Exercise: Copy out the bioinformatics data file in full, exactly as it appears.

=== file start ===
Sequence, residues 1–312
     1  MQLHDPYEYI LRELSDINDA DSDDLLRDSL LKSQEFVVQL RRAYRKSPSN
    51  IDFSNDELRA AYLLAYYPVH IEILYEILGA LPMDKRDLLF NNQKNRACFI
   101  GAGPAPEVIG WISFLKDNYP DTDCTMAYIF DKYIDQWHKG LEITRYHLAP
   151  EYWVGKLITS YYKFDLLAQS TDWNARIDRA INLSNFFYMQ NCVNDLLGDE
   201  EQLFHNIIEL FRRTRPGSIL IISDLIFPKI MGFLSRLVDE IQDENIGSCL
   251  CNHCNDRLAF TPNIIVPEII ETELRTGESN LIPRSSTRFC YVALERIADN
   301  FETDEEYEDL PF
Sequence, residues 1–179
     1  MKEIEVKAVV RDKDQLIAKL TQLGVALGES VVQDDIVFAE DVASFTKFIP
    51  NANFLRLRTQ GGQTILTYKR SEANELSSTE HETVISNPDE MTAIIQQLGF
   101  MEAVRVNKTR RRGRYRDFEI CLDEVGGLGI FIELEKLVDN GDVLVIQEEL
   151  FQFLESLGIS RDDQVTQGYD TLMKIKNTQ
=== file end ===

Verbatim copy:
Sequence, residues 1–312
     1  MQLHDPYEYI LRELSDINDA DSDDLLRDSL LKSQEFVVQL RRAYRKSPSN
    51  IDFSNDELRA AYLLAYYPVH IEILYEILGA LPMDKRDLLF NNQKNRACFI
   101  GAGPAPEVIG WISFLKDNYP DTDCTMAYIF DKYIDQWHKG LEITRYHLAP
   151  EYWVGKLITS YYKFDLLAQS TDWNARIDRA INLSNFFYMQ NCVNDLLGDE
   201  EQLFHNIIEL FRRTRPGSIL IISDLIFPKI MGFLSRLVDE IQDENIGSCL
   251  CNHCNDRLAF TPNIIVPEII ETELRTGESN LIPRSSTRFC YVALERIADN
   301  FETDEEYEDL PF
Sequence, residues 1–179
     1  MKEIEVKAVV RDKDQLIAKL TQLGVALGES VVQDDIVFAE DVASFTKFIP
    51  NANFLRLRTQ GGQTILTYKR SEANELSSTE HETVISNPDE MTAIIQQLGF
   101  MEAVRVNKTR RRGRYRDFEI CLDEVGGLGI FIELEKLVDN GDVLVIQEEL
   151  FQFLESLGIS RDDQVTQGYD TLMKIKNTQ